Like the square, the lobby is intended as a social mixing chamber. A staircase at the front leads down to a daycare center, gym and meeting room, all of which will be open to the public. A large staircase that anchors the back leads you to the elevator benches, which also serve as an informal seating area.
When you reach the stairs and head back towards the lobby, you open up with a view of the busy lower level, including a playground. To the left of the lobby, a long, faceted shape that houses the upper level offices shoots outward, pokes through the front window and juts out over the street, breaking the line between inside and outside.
Mr. Mayne’s nostalgia for the modern is reinforced in the elevator ride to the office floors. Following the example of the complicated skip-stop system that Le Corbusier invented in 1952 for his Unité d’Habitation building in Marseille, France, the elevators stop on other floors. From there stairs lead up or down to large, loft-like spaces that are saturated with light.
The feeling of airiness is magical. Protected by the perforated steel screen, the windows can be operated from the inside, and when they are open a cool breeze blows through the room. Beautiful corrugated concrete ceilings direct the air from north to south and sensitize us to the nature that is waiting outside. (Unfortunately, part of that effect has been lost through the establishment of a rough system of partitions and office cubicles.) Aside from compositional inspiration, what the architect clearly wants to pull from modernist ancestors like Le Corbusier is an unshakable optimism. In a world where commerce regularly outperforms civil service, Mr Mayne seems to be telling us that the values of modernity in the old world may not be that bad. Instead of obliterating this architectural past, he wants to fill it with the human element that modernity has forgotten, the quirks and strange joys that a building can root personally and emotionally.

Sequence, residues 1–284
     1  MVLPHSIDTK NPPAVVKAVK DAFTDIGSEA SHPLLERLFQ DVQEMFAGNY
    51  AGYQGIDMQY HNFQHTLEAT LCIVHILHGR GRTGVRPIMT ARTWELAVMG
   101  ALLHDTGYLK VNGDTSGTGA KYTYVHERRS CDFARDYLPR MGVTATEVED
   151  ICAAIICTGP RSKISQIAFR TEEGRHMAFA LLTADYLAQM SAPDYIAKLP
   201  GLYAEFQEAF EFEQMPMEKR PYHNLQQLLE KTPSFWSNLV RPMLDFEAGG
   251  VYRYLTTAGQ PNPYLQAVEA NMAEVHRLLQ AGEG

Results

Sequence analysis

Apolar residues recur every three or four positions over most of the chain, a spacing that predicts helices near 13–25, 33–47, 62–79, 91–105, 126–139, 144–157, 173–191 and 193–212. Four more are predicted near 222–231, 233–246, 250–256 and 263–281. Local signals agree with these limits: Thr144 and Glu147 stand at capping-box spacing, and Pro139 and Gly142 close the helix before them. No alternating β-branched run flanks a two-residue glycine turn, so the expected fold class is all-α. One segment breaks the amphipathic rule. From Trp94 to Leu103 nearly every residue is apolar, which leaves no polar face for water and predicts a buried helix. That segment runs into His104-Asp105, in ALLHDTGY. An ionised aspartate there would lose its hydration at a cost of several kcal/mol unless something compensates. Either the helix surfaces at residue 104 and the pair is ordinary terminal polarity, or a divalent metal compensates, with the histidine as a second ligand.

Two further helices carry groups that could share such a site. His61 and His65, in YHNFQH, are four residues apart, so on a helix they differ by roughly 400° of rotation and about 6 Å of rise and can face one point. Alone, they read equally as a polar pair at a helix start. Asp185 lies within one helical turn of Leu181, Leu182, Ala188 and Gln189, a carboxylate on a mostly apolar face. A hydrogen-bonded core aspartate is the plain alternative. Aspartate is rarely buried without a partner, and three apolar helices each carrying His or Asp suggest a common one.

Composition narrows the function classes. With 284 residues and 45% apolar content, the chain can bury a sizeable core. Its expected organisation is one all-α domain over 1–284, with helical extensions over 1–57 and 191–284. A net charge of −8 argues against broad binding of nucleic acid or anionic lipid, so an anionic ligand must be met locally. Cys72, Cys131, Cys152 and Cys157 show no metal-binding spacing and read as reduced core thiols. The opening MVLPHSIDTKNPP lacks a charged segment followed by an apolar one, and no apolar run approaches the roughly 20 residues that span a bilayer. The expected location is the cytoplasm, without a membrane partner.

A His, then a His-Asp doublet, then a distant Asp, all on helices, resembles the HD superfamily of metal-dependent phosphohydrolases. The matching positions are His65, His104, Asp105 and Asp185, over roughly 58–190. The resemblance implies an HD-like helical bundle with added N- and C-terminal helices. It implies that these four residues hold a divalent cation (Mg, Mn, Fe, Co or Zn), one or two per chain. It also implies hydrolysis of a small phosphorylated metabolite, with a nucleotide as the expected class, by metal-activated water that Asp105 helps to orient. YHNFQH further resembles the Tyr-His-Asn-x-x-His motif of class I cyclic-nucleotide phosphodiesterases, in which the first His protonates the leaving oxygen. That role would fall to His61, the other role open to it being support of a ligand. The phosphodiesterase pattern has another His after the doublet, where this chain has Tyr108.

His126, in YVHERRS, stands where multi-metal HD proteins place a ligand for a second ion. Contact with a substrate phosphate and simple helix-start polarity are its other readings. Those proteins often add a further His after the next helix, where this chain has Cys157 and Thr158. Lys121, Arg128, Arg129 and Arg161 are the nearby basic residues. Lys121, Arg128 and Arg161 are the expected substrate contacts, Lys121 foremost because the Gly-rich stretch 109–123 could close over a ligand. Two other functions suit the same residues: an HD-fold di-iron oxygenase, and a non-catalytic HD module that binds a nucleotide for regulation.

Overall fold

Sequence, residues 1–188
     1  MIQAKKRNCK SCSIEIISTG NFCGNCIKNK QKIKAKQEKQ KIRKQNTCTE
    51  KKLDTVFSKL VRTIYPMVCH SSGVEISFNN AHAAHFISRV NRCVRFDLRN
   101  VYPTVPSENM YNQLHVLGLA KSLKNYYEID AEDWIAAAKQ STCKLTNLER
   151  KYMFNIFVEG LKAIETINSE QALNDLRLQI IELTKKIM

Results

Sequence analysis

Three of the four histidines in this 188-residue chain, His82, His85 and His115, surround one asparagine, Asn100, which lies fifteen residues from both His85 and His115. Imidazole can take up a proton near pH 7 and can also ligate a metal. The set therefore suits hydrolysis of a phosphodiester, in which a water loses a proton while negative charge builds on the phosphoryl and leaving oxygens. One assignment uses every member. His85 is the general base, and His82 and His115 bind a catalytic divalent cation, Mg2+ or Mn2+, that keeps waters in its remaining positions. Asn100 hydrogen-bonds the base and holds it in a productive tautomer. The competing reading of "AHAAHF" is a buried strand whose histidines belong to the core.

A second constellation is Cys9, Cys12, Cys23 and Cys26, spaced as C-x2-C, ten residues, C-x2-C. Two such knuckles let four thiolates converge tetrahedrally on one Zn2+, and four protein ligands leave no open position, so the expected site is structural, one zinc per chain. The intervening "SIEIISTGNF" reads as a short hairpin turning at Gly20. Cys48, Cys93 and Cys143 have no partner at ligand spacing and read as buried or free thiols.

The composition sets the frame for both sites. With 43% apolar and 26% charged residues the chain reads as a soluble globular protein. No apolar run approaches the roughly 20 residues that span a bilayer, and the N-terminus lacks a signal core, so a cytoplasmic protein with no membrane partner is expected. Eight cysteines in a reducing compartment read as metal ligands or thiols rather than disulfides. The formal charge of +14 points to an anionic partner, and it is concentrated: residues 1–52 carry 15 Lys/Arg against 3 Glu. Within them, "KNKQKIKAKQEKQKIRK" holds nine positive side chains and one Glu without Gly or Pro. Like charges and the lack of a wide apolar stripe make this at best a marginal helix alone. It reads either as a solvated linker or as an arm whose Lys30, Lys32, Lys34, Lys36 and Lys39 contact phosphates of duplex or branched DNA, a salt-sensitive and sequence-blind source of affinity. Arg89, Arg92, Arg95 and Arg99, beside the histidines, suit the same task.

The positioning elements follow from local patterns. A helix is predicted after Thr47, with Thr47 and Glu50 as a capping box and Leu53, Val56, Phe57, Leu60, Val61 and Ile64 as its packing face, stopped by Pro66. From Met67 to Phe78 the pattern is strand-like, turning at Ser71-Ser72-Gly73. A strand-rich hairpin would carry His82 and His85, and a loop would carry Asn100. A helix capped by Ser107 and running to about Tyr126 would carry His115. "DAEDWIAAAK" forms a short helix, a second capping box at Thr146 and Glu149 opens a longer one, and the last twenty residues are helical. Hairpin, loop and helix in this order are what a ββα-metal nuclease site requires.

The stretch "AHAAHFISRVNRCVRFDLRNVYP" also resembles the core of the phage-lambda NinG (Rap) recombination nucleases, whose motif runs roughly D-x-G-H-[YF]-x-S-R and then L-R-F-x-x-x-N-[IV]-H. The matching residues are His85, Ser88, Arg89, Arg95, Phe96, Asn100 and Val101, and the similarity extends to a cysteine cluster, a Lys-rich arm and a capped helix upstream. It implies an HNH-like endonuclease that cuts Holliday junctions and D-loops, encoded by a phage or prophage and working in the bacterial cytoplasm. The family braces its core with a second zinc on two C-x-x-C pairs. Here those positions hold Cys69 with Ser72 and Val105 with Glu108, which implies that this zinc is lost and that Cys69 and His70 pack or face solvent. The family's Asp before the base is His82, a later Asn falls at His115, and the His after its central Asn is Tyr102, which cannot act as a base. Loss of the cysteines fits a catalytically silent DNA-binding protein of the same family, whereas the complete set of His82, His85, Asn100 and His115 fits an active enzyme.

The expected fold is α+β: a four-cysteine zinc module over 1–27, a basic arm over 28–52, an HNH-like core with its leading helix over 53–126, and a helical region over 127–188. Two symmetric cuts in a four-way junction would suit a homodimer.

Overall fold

The sad paradox is that this vision can be threatened if the Design Excellence program is not left intact. The federal building was Mr. Feiner’s last major assignment as director, and few architects believe this level of ambition will survive his departure. Let’s hope they are wrong and that this project will inspire more daring government commissions.